John Keane | Bob Brown and the Virtue of Humility
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Bob Brown and the Virtue of Humility

  |   Democracy Field Notes, Democracy in the 21st Century, Media   |   No comment

Bob Brown at the University of Newcastle, 1986 University of Newcastle Cultural Collections/Flickr

Archaeologists tell us that Sumerian kings had their face slapped once a year by a priest to remind them of the importance of humility. Medieval historians note that monarchs were sometimes forced to swear to God that they would not abuse their power. Bob Brown used his resignation speech to remind us that democracies use more down-to-earth methods to humble the powerful. Not just written constitutions, political parties, periodic elections and parliamentary representatives accountable to their own citizens. There’s something more: democracies require leaders who know when their time is up and who feel it’s their duty to leave office, to make way for others, with grace and humility.

There are many democratic virtues, among them courage, honesty, mercy, tolerance, but the cardinal democratic virtue is humility. For three decades, Bob Brown has been her champion. His Murdoch newspaper critics have consistently mis-described him as a “crackpot” and “dangerous obsessive”. The ABC’s Annabel Crabb sees him as a “conviction politician”. Both perspectives overlook his most striking quality: humility.

The son of a country policeman, he’s one of those rare politicians who grasped right from the beginning that those who trumpet their own humility suffer from its lack. But the man who once heckled President George W. Bush in a joint parliamentary session demonstrated that humility is never meek, docile, or submissive; contrary to popular wisdom, humility is their foe. It takes guts.

2003 Rebel: Brown resorts to the telecast of Chinese President Hu Jintao addressing a joint session of Parliament after being expelled from the chamber for 24 hours, as punishment for heckling President George W. Bush Alan Porritt/AAP

So what is humility? From the campaign against the Franklin Dam which landed him in prison through to recent efforts to rein in carbon polluters and mining companies, Brown showed that humility requires living honestly, without political illusions. He was not a “compromise politician” in any simple sense. He just didn’t like fantasists. Nonsense on stilts, lies and bullshit were never his thing.

Brown faced trainloads of abuse during his time in politics, but he consistently reminded his opponents that we human beings are dwellers on earth (from humus, from which the word humility also derives). Humble people draw breath from that connection. That’s why he once fasted for a week on Mount Wellington as an anti-nuclear activist and why he’s soon off to test his hiking skills in the mountains of Tasmania. Brown showed that humility strengthens the powerless. It mentors others, radiates in their presence, calmly, cheerfully. Humility is a social virtue; it helps people ‘be themselves’. It is also a generous virtue, the opposite of haughty hunger for power over others. That’s why Brown balked at humiliation, shunned showy arrogance and all forms of aggressiveness. Humility for him implied equality: it stands opposed to all forms of human bossing and violent rule, including human attempts to dominate the biosphere in which we dwell.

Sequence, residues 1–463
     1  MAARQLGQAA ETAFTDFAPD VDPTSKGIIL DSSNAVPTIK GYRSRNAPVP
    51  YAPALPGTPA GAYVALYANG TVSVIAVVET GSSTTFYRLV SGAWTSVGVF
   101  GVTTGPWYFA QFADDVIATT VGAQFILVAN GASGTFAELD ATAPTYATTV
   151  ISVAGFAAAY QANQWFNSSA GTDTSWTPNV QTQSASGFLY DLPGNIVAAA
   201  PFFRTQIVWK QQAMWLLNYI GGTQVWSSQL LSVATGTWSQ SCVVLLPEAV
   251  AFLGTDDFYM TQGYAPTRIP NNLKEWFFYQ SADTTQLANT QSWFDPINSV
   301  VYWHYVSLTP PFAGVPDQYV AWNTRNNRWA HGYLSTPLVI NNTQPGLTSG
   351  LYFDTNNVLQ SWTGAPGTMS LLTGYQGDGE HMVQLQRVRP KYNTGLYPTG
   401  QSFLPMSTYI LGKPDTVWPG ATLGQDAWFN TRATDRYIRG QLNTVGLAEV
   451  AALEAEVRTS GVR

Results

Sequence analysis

During our interview last year in Canberra, I thought I’d test Bob Brown by asking him whether he worried the aphrodisiac power would rush to his head after taking control of the Senate. Wouldn’t it fan the coals of arrogant pride? Contradict his political reputation for decency, openness, fairness? Turn him into a political celebrity? I’ve asked the question to scores of politicians before. Not one ever replied as he did that afternoon. Unflinching, deadpan, he visibly meant what he said: “In a decade or two from now, I’ll be dead. To think that in some way or other, celebrity is going to be the fulfilling thing in life is to head for a crash. I just think doing what you can in an extraordinary circumstance on a planet that is in real trouble is the most fulfilling thing available”.

The sentiments summarise Bob Brown’s remarkable awareness of his own limits. They explain why his humble decision to hand on the leadership of the oldest Green party in the world should come as no surprise. It is certainly no “bombshell”. Brown has proved that political careers don’t necessarily end in failure. His has ended on a mountain high, which should prompt us to thank him for his democratic services and to say: enjoy washing the dishes and good luck to you, mate.

The Conversation

This article was originally published on The Conversation.
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